You can see that Opera Mini does an adequate job of laying out the page and displaying an overview (although there are still a few image artifacts in Beta 2) – what you can’t see is that it is extremely fast and enjoyable to use, letting me scroll around quickly and easily without using the E90’s feeble and unresponsive directional pad.
So much so, in fact, that the built in WebKit browser’s shortcomings (like the utter lack of any shorcut keys or its penchant for messing up something as simple as navigating form controls on a page) were thrown into sharp relief.
But the fact that I vastly preferred Opera Mini due to its extensive keyboard shortcuts is more evidence that Nokia really needs to overhaul their UI if they want to take advantage of full keyboards or provide power users with a decent experience.
For web browsing alone, their attempt at pawning off S60 on the Communicator crowd would indeed have backfired completely if it weren’t for the screen and connectivity.
And its HSDPA and Bluetooth support are nothing short of excellent, with it working fine as a modem and syncing up with my Mac using iSync and Nokia Multimedia Transfer with no hassles at all – I was able to sync all of my data (including podcasts and photos) entirely over Bluetooth, something you won’t be able to do with an iPod or iPhone anytime soon3.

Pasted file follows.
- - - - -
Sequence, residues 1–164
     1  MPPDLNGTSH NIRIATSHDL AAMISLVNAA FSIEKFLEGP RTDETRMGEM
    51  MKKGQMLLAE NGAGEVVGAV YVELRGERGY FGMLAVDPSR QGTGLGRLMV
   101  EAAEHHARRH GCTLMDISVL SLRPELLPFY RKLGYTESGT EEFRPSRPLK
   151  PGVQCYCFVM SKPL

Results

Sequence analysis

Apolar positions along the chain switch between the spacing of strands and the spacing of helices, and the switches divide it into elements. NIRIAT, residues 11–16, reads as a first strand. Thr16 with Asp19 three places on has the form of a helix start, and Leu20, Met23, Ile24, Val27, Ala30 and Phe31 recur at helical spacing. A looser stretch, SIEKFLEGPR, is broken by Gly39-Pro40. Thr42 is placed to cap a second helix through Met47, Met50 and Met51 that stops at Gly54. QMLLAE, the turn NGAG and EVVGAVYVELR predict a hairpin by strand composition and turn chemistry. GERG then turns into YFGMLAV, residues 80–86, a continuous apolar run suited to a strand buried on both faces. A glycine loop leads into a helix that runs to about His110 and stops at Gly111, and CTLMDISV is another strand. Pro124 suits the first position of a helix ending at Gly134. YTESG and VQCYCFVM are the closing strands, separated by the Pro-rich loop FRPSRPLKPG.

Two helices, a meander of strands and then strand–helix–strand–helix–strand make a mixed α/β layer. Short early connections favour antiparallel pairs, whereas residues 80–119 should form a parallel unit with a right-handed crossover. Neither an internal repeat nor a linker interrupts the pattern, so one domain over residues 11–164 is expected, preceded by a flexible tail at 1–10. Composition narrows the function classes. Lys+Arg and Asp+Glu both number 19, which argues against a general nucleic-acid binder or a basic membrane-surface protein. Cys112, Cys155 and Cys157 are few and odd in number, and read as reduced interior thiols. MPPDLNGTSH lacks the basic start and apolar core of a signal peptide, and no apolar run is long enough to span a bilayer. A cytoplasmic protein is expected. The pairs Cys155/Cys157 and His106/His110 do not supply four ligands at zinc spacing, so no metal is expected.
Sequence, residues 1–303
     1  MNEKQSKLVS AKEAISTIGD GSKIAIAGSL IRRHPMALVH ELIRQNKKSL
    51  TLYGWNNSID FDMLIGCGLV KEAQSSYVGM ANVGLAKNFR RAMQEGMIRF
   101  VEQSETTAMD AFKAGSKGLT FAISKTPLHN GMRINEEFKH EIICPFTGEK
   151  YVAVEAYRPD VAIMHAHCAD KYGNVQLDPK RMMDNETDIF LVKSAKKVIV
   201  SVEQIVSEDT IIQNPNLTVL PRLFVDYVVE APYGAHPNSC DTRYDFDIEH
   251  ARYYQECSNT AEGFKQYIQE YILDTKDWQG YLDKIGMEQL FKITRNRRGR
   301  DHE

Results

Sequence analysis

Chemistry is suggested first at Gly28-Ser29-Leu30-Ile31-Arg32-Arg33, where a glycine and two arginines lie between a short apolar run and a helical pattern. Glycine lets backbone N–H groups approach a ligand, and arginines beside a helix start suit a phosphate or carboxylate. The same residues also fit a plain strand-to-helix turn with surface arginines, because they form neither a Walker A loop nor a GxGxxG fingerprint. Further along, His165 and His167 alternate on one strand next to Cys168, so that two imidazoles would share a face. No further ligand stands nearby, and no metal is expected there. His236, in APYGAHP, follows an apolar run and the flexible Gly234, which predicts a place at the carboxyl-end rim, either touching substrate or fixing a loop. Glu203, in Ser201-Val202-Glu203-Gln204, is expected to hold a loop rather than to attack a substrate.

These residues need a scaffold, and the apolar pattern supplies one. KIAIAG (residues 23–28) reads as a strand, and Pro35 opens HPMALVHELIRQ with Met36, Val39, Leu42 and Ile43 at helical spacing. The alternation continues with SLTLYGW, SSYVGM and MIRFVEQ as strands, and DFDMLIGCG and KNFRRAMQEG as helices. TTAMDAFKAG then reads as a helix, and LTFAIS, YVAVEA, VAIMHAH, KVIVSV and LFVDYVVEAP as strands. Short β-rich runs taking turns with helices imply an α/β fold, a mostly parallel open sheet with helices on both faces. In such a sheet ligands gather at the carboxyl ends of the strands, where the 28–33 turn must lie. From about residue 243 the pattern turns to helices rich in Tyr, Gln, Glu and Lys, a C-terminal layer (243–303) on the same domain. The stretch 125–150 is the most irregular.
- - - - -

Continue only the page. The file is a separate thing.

Oh, and if you use iSync, your contacts will sync over with pretty much all the important (standard) fields preserved, including pretty good resolution photos.
Wi-Fi also coped well, although I found it rather disappointing in terms of both speed and battery life. The hotel I was at had free, unfettered Wi-Fi access in rooms and lounges, and yet I only used it when I wanted to surf the net but didn’t want to take calls (the phone’s offline mode lets you use Wi-Fi) because I found HSDPA to be just as fast, much more convenient (worked everywhere, including by the pool) and less of a strain on the battery.
Which reminds me, one thing most people don’t realize is that 3G lets you take calls while using the device as a modem or surfing – the device will simply squeeze the radio bearer for data to 64Kbps or so while the call is taking place and you won’t lose your connection – something that you can’t (reliably) do on GPRS or EDGE (where the data connection is either completely suspended or dropped unless you are fortunate enough to have the one in a million combination of base station and phone chipsets that sort of works).
Add to that the ability to send arbitrary files to and fro without no hassle whatsoever (my current ringtone is the “marimba” tune from the iPhone, which I resampled to a sensible size and dropped in on a whim), and you have a very flexible and open device, able to hook up and talk to almost anything, anywhere.
And those of you who really want to print from a phone (a rather silly thing, but one that apparently matters to some people) will be glad to know that after some minor tinkering I can now print to my office printer from anywhere in the world:
Not that I found any real use for it yet, mind you.
E-Mail, Calendar & Office Use